Sale Sharks have been throwing the proverbial cat among the Gallagher Premiership pigeons this week, having their players return to limited training on Monday in advance of their English top-flight rivals.

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This manoeuvre was at odds with the other eleven Premiership clubs who were waiting for Wednesday’s key professional game board working group meeting – which involves the Rugby Football Union, Premiership Rugby and the Rugby Players Association – before deciding on their collective approach to a training date return. 

This situation was described by a leading official to RugbyPass as a “shambles” with Premiership Rugby’s leadership – or lack of it – over the issue of when clubs can start the complicated return to play protocols central to this smouldering discontent.

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The return to training, though, isn’t the only area where Sale’s thinking is seemingly different from the rest of the Premiership. Whereas the consensus seems to be that the remainder of the 2019/20 campaign will eventually be played out behind closed doors at a centralised venue, Sale have alternatively suggested matches could yet go ahead in Manchester with even their season ticket holders present. 

In an update circulated by email to supporters, Sale stated: “We are still hopeful of being able to complete the league this season. We are staying in regular contact with Premiership Rugby and our fellow clubs, and we are in discussions with the government regarding when we can start playing and spectators will be allowed to attend games.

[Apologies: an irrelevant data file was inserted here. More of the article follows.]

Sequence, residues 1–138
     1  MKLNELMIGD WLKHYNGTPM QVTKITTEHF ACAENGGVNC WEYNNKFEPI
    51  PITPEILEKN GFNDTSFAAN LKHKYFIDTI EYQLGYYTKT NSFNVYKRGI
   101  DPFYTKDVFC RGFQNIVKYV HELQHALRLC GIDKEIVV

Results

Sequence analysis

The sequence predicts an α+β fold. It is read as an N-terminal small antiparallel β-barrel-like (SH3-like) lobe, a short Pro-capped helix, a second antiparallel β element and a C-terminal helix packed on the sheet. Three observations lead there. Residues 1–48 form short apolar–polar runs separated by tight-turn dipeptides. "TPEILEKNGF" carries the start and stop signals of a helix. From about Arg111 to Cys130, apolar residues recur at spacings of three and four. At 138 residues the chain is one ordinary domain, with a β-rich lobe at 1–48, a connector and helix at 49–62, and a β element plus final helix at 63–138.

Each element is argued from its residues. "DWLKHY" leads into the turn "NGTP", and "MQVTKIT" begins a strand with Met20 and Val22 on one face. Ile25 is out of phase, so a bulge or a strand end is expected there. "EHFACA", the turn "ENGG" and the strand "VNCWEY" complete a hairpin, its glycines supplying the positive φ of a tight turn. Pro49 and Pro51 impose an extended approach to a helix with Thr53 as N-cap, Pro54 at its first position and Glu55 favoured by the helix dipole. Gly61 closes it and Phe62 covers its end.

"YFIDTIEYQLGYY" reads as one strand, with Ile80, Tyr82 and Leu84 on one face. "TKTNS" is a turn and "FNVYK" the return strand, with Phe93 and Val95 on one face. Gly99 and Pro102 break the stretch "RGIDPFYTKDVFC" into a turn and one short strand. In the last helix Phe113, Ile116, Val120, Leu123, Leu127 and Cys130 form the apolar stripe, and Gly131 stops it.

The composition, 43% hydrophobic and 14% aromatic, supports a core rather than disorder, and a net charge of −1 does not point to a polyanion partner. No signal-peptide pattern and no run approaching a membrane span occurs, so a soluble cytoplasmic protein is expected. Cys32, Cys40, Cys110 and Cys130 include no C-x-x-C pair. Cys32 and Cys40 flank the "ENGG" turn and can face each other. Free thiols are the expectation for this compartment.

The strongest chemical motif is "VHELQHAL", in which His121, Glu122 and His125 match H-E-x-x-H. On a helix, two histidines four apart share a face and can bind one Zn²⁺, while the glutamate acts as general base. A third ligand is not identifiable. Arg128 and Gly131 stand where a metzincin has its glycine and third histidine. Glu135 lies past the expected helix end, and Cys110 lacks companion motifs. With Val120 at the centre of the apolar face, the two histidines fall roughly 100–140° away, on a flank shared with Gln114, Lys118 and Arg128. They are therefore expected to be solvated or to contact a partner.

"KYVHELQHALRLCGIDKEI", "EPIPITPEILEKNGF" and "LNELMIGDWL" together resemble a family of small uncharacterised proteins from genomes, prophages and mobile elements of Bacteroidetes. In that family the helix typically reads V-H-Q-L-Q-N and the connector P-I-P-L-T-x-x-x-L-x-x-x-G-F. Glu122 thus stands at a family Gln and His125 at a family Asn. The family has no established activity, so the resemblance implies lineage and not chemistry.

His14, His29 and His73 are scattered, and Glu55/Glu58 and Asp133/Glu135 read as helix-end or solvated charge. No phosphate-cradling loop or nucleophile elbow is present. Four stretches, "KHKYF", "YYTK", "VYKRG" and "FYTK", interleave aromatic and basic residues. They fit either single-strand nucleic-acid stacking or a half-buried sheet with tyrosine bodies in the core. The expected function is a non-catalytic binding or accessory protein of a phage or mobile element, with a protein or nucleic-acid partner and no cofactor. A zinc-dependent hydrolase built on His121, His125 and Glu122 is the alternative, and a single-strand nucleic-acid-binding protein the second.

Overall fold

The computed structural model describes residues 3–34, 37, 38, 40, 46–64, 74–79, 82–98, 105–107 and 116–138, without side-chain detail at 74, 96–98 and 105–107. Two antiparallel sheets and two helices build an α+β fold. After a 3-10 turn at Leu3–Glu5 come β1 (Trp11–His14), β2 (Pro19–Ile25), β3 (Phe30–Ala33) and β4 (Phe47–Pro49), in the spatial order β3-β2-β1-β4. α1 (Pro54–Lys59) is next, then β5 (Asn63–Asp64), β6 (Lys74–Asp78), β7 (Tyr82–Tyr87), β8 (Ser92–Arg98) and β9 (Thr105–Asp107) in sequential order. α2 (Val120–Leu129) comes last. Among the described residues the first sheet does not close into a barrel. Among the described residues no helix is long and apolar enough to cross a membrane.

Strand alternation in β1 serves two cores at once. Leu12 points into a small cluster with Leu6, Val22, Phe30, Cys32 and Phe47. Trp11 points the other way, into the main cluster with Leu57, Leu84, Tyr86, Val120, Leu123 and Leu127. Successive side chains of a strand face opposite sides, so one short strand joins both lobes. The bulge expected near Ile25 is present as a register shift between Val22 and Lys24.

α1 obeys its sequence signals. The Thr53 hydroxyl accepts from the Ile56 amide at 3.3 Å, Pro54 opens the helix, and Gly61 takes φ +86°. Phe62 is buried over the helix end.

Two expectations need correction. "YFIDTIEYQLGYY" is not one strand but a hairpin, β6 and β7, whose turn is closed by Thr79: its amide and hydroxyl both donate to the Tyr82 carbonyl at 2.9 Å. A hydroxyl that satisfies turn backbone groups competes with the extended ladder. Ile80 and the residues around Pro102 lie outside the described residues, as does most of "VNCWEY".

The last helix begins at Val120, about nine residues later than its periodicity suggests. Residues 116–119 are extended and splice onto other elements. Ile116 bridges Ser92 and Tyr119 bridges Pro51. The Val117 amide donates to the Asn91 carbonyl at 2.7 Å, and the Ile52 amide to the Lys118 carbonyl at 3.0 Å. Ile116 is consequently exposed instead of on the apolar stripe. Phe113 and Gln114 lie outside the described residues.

“As soon as more information on the current season is available, we will be in touch to let you know. One possibility might be that only season ticket holders can attend while still socially distancing, but we need to wait and see what happens in the weeks ahead. 

“If we find that season ticket holders can’t attend the games, we will come up with a number of options for how we can compensate for this, but while everything remains so up in the air, we sincerely thank you for your understanding and patience.”

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While Twickenham and Ricoh Arena were initially mooted as centralised venues to stage the remaining matches, Bristol have now nominated Ashton Gate as a contender to complete the fixtures backlog. 

Speaking to BBC Radio 5 Live, CEO Mark Tainton said: “We think we meet all of the criteria they were asking for. Ashton Gate is a tremendous stadium. It’s a new stadium, we have all new facilities, large changing rooms and easy access for the camera equipment required.

“Premiership Rugby has asked clubs if they’re willing to volunteer or offer their stadium as a venue and we believe we have the facilities to do that, so that’s why we’ve put it forward.

“It’s not a done deal yet – we’re in the pile with another couple of clubs – so we’re just waiting to get more feedback and potentially a visit or information from Premiership Rugby Limited for whatever criteria we need to meet.”

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